Mississippi Architectural Historian to Speak at Lakeport Legacies
JONESBORO – Jennifer Baughn, chief architectural historian at the Mississippi Department of Archives and History, will speak at Lakeport Plantation’s monthly history talk, “Lakeport Legacies,” Thursday, Aug. 27, at 6 p.m. Refreshments and conversation starts at 5:30 p.m., at the Lakeport Plantation, 601 Highway 142, Lake Village, Ark. Admission is free.
Baughn’s talk is titled, “Delta Modern,” and is about mid-century architecture (1930s-1960s) in the Mississippi Delta. At mid-century, traditional and modern styles were competing architectural visions. In the Delta, two Mississipppi architects—Leland native Harold Kaplan and Jackson’s N. W. Overstrett—exemplify the period. Kaplan’s modern designs for public buildings, like T. L. Weston High School (1954), are a contrast to his designs for traditional Colonial private homes, like White Pillars (1948) in Greenville’s Gamyn Park neighborhood.
Drawing from examples across the Delta, Baughn will also discuss the region’s most interesting modern architecture such as Greenville’s Coleman High School and Delta State’s Young-Mauldin cafeteria. Exemplifying the optimism and booming economy of the decades after World War II, Mississippi’s modernist architecture is gaining the appreciation of both historians and architecture buffs for its clean lines, functional planning and futuristic detailing.
Lakeport Legacies is a monthly history talk held on one of the last Thursdays at the Lakeport Plantation during the spring and summer. Each month a topic from the Delta region is featured. The event is free and open to the public.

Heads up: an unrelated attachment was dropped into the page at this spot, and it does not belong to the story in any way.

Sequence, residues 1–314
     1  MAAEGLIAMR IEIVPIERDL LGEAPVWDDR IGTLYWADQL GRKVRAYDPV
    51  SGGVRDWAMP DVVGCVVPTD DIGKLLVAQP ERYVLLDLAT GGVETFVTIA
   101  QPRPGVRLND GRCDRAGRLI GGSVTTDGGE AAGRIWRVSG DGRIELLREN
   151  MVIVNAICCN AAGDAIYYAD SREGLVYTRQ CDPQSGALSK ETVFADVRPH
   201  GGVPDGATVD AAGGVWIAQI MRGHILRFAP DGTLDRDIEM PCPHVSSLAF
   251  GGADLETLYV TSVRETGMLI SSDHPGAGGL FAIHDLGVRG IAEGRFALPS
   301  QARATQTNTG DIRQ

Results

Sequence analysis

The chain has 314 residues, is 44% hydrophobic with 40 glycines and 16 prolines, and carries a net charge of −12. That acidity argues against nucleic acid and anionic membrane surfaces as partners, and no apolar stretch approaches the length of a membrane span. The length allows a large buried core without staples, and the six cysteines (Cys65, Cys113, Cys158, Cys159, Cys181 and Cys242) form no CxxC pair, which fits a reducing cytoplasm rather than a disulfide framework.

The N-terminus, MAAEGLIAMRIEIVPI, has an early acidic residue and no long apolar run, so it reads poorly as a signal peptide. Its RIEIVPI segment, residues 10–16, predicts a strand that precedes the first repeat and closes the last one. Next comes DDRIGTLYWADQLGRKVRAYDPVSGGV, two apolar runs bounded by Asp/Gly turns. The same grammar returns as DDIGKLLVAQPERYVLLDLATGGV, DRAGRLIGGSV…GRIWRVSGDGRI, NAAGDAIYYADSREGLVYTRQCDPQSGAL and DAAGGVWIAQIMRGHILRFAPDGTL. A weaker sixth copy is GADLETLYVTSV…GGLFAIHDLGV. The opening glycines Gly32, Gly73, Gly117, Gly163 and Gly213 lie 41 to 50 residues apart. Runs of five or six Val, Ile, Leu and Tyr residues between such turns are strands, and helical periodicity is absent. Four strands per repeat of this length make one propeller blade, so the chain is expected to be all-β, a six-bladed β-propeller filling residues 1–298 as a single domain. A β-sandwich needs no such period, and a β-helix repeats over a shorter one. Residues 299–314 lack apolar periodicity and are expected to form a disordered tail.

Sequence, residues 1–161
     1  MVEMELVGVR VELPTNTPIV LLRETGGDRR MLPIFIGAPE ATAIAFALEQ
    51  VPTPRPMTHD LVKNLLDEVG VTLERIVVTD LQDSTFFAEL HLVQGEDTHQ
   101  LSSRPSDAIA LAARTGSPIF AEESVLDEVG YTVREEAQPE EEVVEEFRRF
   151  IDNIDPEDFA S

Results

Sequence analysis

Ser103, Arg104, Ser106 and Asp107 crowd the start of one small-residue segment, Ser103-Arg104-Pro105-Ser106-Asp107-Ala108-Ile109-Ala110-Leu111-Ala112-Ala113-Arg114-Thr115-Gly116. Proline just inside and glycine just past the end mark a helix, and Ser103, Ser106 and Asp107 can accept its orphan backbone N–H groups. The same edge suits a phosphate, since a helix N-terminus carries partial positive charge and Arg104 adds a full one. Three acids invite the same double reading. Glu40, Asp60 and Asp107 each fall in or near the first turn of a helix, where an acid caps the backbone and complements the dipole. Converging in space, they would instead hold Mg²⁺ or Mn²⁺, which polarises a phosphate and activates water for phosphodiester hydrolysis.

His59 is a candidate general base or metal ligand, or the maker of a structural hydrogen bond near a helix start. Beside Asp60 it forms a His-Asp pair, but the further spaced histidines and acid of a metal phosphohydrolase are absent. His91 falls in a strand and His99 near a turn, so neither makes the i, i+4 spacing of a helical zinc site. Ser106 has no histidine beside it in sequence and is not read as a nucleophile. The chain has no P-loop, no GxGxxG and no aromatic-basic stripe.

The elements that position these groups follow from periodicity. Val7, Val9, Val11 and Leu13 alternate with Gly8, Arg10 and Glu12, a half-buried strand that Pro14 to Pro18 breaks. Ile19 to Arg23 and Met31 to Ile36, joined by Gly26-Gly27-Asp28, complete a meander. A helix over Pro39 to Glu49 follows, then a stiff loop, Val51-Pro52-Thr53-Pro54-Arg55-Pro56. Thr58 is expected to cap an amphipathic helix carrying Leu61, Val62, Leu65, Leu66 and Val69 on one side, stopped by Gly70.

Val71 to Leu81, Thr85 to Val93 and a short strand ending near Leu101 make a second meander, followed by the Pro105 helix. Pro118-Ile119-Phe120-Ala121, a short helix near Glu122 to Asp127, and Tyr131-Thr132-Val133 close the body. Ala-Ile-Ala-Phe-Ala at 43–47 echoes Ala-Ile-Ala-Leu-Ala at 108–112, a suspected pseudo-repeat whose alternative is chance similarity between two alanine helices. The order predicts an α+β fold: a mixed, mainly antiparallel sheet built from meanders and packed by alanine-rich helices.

The Lakeport Plantation is an Arkansas State University Heritage Site. Constructed circa 1859, Lakeport is one of Arkansas's premier historic structures and still retains many of its original finishes and architectural details. Open to the public since 2007, Lakeport researches and interprets the people and cultures that shaped plantation life in the Mississippi River Delta, focusing on the Antebellum, Civil War and Reconstruction periods.
Arkansas Heritage Sites at Arkansas State University develops and operates historic properties of regional and national significance in the Arkansas Delta. A-State's Heritage Sites include the Hemingway-Pfeiffer Museum and Educational Center, Southern Tenant Farmers Museum, Lakeport Plantation, the Historic Dyess Colony: Boyhood Home of Johnny Cash and the Arkansas State University Museum.
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